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Research Project

Mediterranean Diet, Weight Loss, and Cognition in Obese Older Adults

Principal Investigator
Fitzgibbon, Marian L.
Start Date
End Date


Obesity is a leading cause of death and disability in the United States, affecting as many as 80 million Americans. It is well-established that obesity contributes to a number of risk factors for metabolic abnormalities and cardiovascular disease (CVD), including hypertension, diabetes, and hyperlipidemia. In addition, there is growing evidence that obesity is associated with cognitive deficits in multiple domains, even in otherwise healthy older adults.

With the rapidly aging US population and the high prevalence of obesity among older adults, innovative strategies to prevent cognitive decline in this population are needed. Dietary patterns are central to the development and maintenance of obesity and evidence suggests that dietary factors also may affect cognition. Epidemiologic studies have shown that adherence to a Mediterranean diet is associated with less cognitive decline and reduced risk for dementia. Weight loss through caloric restriction also has been shown to improve cognitive function in obese adults. The identification of effective lifestyle interventions for diet/weight management to improve cognition among obese older adults is a public health priority.

However, to our knowledge, no randomized clinical trials have examined the effect of the Mediterranean diet, with and without caloric restriction, to promote weight loss on cognitive functioning in obese older adults. This study intends to address this question.

In this eight-month trial, we randomize 180 adults aged 55 years and older with a body mass index of 30 to 50 kg/m² to one of three conditions:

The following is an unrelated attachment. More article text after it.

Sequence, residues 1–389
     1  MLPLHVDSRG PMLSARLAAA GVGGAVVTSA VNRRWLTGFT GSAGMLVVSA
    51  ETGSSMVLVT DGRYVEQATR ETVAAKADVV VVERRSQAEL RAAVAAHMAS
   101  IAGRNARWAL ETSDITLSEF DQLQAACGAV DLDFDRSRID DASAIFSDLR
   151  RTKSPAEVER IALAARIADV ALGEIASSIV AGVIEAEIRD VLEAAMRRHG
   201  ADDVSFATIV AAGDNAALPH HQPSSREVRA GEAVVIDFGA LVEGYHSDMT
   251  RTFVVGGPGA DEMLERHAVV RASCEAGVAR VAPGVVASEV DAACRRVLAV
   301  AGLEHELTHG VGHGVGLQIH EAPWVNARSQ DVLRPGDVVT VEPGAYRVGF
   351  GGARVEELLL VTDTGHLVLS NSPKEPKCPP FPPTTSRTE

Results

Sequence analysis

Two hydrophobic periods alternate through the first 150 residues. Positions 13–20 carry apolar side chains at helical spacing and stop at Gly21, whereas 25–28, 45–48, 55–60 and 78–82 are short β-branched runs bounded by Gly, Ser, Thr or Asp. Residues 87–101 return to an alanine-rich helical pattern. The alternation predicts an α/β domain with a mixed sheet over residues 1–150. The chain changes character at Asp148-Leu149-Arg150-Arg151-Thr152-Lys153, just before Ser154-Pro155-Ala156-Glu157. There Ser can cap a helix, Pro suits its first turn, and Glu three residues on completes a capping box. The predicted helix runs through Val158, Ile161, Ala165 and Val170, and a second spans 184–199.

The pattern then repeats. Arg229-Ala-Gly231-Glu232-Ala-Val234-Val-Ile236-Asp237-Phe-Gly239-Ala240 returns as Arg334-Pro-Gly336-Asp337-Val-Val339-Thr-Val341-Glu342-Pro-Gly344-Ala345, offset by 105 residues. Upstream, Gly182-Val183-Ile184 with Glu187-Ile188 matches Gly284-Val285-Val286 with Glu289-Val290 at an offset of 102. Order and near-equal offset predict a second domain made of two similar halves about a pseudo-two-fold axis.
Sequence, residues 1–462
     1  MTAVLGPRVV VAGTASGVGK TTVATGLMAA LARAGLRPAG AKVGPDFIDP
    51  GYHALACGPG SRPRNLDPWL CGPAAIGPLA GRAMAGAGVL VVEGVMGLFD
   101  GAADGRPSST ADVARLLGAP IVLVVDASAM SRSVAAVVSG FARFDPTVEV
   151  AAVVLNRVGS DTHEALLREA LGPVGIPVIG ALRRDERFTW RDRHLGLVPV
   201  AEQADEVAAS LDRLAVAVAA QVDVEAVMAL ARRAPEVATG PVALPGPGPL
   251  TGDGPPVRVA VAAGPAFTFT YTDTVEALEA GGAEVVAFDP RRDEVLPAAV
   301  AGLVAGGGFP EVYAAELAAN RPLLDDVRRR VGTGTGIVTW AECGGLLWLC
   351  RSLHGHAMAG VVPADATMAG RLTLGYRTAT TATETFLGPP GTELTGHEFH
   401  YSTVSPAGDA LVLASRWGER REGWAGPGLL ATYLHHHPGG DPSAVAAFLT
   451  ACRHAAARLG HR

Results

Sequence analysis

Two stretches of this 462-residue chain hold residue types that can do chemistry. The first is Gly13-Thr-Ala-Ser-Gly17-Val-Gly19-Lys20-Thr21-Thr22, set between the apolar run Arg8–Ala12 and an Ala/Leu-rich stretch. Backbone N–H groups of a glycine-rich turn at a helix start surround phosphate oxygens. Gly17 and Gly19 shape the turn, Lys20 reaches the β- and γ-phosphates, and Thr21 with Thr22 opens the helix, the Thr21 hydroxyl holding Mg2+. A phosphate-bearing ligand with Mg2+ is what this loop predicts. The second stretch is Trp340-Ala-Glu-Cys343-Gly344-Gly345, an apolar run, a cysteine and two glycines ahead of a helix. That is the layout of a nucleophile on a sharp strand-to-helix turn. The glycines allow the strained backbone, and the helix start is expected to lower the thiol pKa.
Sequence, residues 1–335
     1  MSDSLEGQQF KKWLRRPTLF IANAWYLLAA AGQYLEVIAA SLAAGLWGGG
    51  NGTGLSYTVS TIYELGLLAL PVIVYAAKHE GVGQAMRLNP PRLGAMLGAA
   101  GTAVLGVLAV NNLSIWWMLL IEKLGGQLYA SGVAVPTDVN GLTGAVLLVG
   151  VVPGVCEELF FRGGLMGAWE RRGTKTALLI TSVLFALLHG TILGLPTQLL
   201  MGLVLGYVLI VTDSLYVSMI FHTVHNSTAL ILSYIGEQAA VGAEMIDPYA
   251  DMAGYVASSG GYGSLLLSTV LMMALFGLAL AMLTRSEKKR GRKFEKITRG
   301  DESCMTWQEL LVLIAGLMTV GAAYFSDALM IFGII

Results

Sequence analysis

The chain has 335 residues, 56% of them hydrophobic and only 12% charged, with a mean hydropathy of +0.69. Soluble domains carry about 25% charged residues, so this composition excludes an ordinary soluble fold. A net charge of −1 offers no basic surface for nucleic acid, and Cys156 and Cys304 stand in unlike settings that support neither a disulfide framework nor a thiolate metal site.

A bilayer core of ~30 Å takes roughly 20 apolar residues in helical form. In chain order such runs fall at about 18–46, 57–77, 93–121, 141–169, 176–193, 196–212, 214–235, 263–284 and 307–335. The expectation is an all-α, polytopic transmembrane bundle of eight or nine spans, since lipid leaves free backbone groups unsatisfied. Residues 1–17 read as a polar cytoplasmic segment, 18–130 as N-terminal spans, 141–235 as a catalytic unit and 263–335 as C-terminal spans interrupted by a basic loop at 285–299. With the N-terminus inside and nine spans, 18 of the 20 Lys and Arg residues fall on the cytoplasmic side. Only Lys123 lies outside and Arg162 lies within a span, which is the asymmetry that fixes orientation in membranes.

1. Mediterranean diet alone, without caloric restriction/weight loss (MedDiet-A);
  2. Mediterranean diet, plus a lifestyle intervention with caloric restriction/weight loss (MedDiet-WL); or
  3. Typical diet control (TDC) without caloric restriction/weight loss.

We will test the following hypotheses:

  • Any participant who follows the Mediterranean diet (both the MedDiet-A and MedDiet-WL groups) will achieve greater improvements in cognition compared to the group adhering to typical diet control (TDC).
  • Those in the MedDiet-WL group -- who follow the Mediterranean diet and participate in the lifestyle intervention -- will exhibit greater improvements in cognition compared to participants who eat a Mediterranean diet without restricting their calories or losing weight (i.e., the MedDiet-A group).
  • Participants in the groups that follow the Mediterranean diet (those in either MedDiet-A or MedDiet-WL) will show greater improvements in cardiovascular and metabolic risk factors, systemic inflammation, oxidative stress (OxStress), and body weight/composition compared to study participants under typical diet control.
  • Those who are following the Mediterranean diet while engaging in a lifestyle intervention and restricting calories or losing weight (the MedDiet-WL group) will exhibit greater improvements in cardiovascular/metabolic risk factors, systemic inflammation, OxStress, and body weight/composition compared to study participants who only follow the Mediterranean diet (MedDiet-A).

We will examine potential moderators of treatment (e.g., ethnicity and baseline cognitive function) and explore mediators by which neurocognition is improved by diet, including changes in CVD/metabolic risk factors, physical activity, systemic inflammation, and OxStress. We will determine the extent to which changes in dietary habits, weight, and cognitive functioning are maintained over a 6-month follow-up period.

Funding Source

National Heart, Lung, and Blood Institute of the National Institutes of Health (Grant No. R01HL129153)

Total Award


Research Partner(s)

Duke University School of Medicine

Related Publication(s)

Tussing-Humphreys L, Lamar M, Blumenthal JA, Babyak M, Fantuzzi G, Blumstein L, Schiffer L, Fitzgibbon ML. Building research in diet and cognition: The BRIDGE randomized controlled trial. Contemp Clin Trials. 2017 Aug;59:87-97. [See abstract.]